California chokes: Hospitals are inundated and thousands of face masks are requested to deal with smoke from the rash of wildfires that are STILL spreading, have seen 212,000 people evacuated and have left one woman dead

Saturday, December 9, 2017
By Paul Martin

Southern California hospitals have been hit hard with patients suffering breathing problems during wildfires
Smoke particles can trigger breathing problems and even cause heart attacks if they get into the bloodstream
A woman, 70, died after crashing her car, suffering head trauma, breathing in smoke and being burned
Locals are demanding face masks – but they need special N95 breathing masks; surgeons’ masks are useless
Most fires remain uncontrolled, although winds have died down since Thursday, making firefighting easier
Donald Trump has freed up additional federal funding for California at the request of Governor Jerry Brown

9 December 2017

The wildfires raging through California have burned down houses, fields and forests, and killed at least one person – but even those miles from the terrifying flames have been affected.

Hospitals across Southern California have been inundated with patients as young as five suffering from breathing problems as the week-long fires fill the air with choking smoke and floating ash.

Smoke also played a part in the death of an elderly woman, who is the first – and so far only – victim of the five-day-long crisis, the LA Times reported Friday.

Virginia Pesola, 70, of Santa Paula, was found dead in a car in Ventura on Wednesday; officials said she had been fleeing the Thomas Fire – the oldest and biggest of the blazes – when she died.

She was involved in a crash along an evacuation route, and had been reported missing, but it was only on Friday that her death, and its connection to the fires, was made public.

A Ventura county medical examiner said that Pesola had died of a combination of blunt force trauma with terminal smoke inhalation and thermal injuries.

Although smoke was not the sole contributor to her death, it has been a severe problem for many in Southern California, with hospitals across the state admitting people affected by the blaze.

Even people in areas with no visible smoke can be affected, as the real concern is the tiny, invisible pm2.5 particles, which are small enough to get into the bloodstream.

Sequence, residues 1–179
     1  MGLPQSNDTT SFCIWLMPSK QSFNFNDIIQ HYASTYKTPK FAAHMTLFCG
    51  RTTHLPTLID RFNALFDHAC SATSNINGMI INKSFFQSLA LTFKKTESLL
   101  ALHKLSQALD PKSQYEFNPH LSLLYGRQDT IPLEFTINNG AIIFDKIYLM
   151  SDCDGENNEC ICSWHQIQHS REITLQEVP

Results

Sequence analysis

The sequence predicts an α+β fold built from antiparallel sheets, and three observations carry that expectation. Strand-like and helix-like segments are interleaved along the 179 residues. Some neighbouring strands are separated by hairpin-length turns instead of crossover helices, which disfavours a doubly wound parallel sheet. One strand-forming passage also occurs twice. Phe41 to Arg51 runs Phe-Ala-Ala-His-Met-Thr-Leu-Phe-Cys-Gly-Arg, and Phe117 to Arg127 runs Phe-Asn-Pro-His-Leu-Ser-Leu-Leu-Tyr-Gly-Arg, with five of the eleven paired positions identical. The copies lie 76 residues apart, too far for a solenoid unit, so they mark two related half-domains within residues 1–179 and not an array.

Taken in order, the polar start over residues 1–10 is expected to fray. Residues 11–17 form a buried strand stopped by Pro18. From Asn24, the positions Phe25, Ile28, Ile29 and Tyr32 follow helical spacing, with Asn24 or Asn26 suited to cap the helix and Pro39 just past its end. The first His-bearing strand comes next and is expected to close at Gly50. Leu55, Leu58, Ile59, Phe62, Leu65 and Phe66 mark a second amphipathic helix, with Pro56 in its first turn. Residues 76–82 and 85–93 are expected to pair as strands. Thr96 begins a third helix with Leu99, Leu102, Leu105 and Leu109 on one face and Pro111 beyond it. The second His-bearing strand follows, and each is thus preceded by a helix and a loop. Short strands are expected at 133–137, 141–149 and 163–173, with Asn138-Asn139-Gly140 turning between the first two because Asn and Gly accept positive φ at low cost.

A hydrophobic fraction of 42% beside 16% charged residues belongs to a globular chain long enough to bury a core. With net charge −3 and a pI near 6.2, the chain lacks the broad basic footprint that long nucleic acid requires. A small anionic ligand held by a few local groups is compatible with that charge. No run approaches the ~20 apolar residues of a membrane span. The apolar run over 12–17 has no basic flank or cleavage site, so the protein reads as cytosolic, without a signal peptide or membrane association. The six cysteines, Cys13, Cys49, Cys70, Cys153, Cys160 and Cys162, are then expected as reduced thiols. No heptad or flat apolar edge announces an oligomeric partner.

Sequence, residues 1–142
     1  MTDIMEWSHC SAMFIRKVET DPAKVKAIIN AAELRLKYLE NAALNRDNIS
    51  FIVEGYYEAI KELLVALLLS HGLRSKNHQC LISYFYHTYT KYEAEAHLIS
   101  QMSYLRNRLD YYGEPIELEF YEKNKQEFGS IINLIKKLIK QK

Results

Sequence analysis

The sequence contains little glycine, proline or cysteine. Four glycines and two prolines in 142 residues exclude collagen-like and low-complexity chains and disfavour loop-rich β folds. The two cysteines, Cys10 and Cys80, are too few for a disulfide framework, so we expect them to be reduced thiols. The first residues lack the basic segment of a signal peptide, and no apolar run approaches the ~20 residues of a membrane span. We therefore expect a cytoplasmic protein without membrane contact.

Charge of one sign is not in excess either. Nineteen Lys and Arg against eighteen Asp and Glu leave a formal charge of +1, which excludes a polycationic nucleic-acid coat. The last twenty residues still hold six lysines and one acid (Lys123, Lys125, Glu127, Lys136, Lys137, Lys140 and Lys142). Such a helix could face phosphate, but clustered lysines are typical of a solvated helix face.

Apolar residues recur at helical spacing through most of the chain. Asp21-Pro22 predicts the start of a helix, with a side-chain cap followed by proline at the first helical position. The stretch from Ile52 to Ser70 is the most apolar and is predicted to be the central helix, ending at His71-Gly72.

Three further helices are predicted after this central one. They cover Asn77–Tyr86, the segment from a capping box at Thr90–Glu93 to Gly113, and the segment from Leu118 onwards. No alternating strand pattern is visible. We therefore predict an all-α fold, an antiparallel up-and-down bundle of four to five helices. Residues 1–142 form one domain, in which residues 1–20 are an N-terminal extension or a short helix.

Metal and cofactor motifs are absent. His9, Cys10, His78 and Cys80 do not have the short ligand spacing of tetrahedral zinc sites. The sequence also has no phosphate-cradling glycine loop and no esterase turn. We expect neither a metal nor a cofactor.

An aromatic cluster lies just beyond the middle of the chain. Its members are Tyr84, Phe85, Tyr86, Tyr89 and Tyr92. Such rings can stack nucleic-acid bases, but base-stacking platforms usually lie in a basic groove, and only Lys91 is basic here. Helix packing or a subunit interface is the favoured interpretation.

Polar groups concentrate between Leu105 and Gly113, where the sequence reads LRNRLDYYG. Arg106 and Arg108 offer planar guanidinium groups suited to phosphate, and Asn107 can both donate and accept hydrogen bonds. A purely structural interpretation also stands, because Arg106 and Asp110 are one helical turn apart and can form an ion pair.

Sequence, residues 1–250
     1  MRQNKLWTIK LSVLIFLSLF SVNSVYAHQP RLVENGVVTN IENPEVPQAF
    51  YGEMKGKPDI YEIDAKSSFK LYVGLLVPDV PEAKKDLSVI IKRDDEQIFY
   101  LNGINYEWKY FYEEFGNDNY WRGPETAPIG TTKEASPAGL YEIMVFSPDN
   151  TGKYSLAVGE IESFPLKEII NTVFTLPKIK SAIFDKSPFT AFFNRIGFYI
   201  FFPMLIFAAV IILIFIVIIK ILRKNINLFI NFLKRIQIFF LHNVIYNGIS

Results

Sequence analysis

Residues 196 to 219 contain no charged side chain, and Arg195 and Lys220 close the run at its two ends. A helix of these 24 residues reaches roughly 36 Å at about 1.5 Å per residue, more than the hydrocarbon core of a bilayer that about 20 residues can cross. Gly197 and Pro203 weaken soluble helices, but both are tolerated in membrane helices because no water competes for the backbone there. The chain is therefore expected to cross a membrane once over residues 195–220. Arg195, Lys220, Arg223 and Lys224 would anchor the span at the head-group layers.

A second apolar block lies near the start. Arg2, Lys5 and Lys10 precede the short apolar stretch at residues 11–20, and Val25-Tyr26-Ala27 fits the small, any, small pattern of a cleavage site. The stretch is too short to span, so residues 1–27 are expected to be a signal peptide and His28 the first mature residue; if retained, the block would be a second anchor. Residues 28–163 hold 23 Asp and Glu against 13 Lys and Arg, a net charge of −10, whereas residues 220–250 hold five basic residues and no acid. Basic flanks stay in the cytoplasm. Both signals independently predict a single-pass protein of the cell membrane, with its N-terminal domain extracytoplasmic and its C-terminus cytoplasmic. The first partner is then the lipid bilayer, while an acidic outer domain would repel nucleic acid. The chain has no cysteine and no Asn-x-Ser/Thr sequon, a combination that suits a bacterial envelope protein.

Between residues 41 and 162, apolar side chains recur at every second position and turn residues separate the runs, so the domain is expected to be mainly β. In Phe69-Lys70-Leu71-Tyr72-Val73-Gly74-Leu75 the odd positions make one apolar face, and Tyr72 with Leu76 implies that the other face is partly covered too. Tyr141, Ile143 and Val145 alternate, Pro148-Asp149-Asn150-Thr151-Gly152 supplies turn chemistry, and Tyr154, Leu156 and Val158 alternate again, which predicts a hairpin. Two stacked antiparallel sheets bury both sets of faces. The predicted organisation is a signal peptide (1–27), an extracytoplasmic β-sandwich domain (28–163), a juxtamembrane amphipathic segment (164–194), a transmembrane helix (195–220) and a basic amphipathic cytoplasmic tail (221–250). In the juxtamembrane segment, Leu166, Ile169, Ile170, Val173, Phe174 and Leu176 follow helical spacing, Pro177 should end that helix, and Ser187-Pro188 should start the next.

Not only can they cause trouble for people with lung problems like asthma or emphysema, they can also trigger heart attacks in people who are susceptible.

Air quality rating site AirNow showed affected areas to be as high as 151 on Friday night; anything over 100 is considered unhealthy. Some locations in Ventura Country were as high as 331 on Friday.

That’s put a huge strain on area hospitals, who must now accommodate those affected by the low-lying choking clouds. Even staying indoors does not necessarily substantially reduce the pm2.5 count.

Patents as young as five have been submitted with breathing problems, while asthma attacks are on the rise. The San Fernando Valley is also suffering from poor air quality caused by the fires, officials say.

Health officials are advising everyone to stay indoors as much as possible, even when smoke cannot be seen or smelled, as the pm2.5 particles are so small that they can be imperceptible without proper equipment.

Outdoor activity, particularly exercise or anything that causes heavy breathing, should be limited, and if possible air filters or AC that recirculates inside air should be used.

Masks can also protect against the smoke – but they need to be N95 masks, which means that they filter out 95 per cent of particulate matter. Surgeons’ masks and covering mouths with clothing will do nothing.

The demand for masks that can protect against the smoke is so great that 100 people were seen lining up outside a mall in Carpinteria, Santa Barbera, to collect free masks, the LA Times reported.

Also on Friday, President Donald Trump declared an emergency at the request of California Governor Jerry Brown.

The Rest…HERE

Leave a Reply

Join the revolution in 2018. Revolution Radio is 100% volunteer ran. Any contributions are greatly appreciated. God bless!

Follow us on Twitter